BEIRUT: The resurgence of knitting as an acceptable - even fashionable - activity for modern young women (and the occasional modern young man) has been going strong for well over a decade now. The craft otherwise associated with gray-haired grandmas has been splashed on so many spreads in glossy magazines as to become as de rigueur among budding fashionistas as sipping cosmopolitans in designer digs atop a trendy bar.
The knitting phenomenon has spawned countless Web sites (from the standard www.knitty.com to the more streetwise www.knittaplease.com), a spate of cafes (from the Yarn Tree in Brooklyn to the Knit Cafe in Los Angeles) and a veritable cottage industry in specialized book publishing. See, for example, Debbie Stoller's "Stitch 'n' Bitch Nation" or Nikol Lohr's "Naughty Needles." As of August 2006, there were nearly 1,000 blogs devoted to the craft of working two needles and a ball of yarn into a scarf, sweater, poncho, pillow or more.
It makes sense, then, that after gaining momentum elsewhere the trend would wend its way to Beirut. The Arab world, after all, is apparently responsible for popularizing stranded knitting in the 12th century.
The Y. Knot boutique in Saifi Village opened in late June 2006. It is a collaboration between Samera Zahed and Yildiz Diab, who run the shop - all rustic stone, rugged brick and floor-to-ceiling shelves of yarn - along with an atelier that employs about 30 women from Lebanon's mountainous regions on a project-by-project basis, creating seasonal collections (stylishly chunky dusters for winter, cotton-crocheted beach wraps for summer) and perennial favorites (scarves, baby clothes, sparkling silver and gold shawls for evening).
Luckily, given the war that broke out just a few weeks later, Zahed and Diab opened with a fully stocked shop and suffered no real interruptions to their business. Nowadays, Fadia Milan takes pride of place at a work table toward the back of the store and leads weekly classes for knitters aged nine to 60. "She is adored," says Zahed. "She's really the expert in town, very patient."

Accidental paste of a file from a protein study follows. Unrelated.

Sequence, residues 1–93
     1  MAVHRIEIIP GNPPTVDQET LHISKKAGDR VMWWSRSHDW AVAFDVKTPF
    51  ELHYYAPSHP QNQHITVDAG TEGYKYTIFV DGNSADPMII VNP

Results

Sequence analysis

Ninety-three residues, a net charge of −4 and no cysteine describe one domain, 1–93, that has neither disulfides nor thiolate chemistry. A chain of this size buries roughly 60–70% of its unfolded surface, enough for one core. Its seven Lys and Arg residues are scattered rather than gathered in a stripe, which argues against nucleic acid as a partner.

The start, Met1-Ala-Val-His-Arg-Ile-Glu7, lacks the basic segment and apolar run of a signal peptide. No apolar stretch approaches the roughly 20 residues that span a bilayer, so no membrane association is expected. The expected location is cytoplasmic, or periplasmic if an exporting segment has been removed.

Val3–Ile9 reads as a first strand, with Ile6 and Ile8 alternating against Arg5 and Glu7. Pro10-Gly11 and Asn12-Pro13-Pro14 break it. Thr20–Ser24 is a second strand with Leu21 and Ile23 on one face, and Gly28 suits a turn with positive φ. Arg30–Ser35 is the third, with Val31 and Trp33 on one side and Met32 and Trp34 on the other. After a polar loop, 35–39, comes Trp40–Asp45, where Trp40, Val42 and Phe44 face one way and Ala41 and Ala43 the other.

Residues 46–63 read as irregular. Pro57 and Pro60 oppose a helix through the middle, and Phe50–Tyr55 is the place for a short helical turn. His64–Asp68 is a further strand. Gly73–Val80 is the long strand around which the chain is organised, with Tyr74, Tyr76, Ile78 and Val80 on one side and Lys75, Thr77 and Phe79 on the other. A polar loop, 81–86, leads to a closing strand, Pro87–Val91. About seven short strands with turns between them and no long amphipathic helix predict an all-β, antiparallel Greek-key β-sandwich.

Even during the political rollercoaster ride of the past seven months, customers continued dropping by with progress reports on their "projects." Bring Milan an idea and she'll tell you the best yarn, the best needles, the best pattern and how to execute it. At the same time, she'll make sure you do everything yourself. Such is the ethos of Y. Knot.
"I came here three years ago after London, Paris, a masters, husband, children, the whole experience," says Zahed, who grew up in Lebanon but left after university. "I've always worked in advertising and I came to notice that knitting was back in fashion. I'm good with my hands. Crafty, you could say. I'm a modern knitter."
She started thinking about opening a craft shop, and then she met Diab, who had been knitting since the age of four and was developing a parallel idea of working with local women to produce a baby clothes' collection. "It was a bit too beautiful not to merge," says Zahed.
Knitting in Lebanon now makes sense for other reasons as well. In tandem to its regeneration as fashion, knitting has proven itself as therapy, particular in post-trauma situations like war. Women who survived the massacres at Srebrenica in Bosnia banded together, with help from the NGO Norwegian People's Aid, to create Bosnian Handicrafts, a project meant to occupy the hours (and soothe the nerves) of new widows and provide them with economic empowerment at the same time. Bosnian Handicrafts' sales hit the $500,000 mark last year, with goods exported to points all over Europe, in the United States and in Japan.
"Check it, knitting is the new yoga," Zahed says, with a smile that suggests such a small store may ultimately have a big impact indeed.
For more information on Y. Knot, please call +961 1 992 211 or email firstname.lastname@example.org